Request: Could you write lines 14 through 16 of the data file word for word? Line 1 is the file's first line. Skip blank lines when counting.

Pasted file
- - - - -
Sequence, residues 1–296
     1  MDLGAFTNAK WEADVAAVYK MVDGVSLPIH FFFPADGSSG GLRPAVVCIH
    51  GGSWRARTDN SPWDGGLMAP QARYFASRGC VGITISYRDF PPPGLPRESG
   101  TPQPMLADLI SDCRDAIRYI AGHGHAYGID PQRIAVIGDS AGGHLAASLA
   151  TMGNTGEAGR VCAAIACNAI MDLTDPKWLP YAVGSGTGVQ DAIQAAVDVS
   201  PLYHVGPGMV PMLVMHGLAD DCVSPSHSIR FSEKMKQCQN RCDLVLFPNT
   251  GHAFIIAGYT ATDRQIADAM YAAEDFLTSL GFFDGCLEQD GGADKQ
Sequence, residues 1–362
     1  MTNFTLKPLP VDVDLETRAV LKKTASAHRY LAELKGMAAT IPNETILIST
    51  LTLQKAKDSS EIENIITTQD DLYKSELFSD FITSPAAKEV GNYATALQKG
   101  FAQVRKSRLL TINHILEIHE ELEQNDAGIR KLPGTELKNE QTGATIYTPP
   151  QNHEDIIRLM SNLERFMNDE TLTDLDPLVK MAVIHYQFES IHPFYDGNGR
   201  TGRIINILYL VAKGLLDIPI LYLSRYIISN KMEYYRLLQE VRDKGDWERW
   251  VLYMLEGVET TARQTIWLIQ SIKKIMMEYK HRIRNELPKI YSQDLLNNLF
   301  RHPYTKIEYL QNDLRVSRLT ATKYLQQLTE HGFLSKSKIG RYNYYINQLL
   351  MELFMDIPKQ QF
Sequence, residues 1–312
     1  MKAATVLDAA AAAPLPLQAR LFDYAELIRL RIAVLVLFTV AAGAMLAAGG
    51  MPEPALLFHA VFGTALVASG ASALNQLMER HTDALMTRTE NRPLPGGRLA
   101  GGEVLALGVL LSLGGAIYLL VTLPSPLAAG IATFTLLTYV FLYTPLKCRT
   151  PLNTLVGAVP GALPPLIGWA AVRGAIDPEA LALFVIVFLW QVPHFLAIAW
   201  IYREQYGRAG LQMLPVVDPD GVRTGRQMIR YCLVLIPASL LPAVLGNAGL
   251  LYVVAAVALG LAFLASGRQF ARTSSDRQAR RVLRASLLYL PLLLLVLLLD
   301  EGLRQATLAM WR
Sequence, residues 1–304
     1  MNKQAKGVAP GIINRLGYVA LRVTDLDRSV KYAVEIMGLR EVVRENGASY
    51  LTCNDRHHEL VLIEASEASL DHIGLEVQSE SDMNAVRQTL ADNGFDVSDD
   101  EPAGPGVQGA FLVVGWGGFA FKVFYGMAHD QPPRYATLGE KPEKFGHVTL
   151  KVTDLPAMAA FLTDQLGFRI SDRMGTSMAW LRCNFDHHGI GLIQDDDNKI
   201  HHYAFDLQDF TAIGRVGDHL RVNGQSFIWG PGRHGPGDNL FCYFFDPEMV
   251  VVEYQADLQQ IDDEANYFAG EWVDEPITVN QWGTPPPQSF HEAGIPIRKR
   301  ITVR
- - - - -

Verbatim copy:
   251  VLYMLEGVET TARQTIWLIQ SIKKIMMEYK HRIRNELPKI YSQDLLNNLF
   301  RHPYTKIEYL QNDLRVSRLT ATKYLQQLTE HGFLSKSKIG RYNYYINQLL
   351  MELFMDIPKQ QF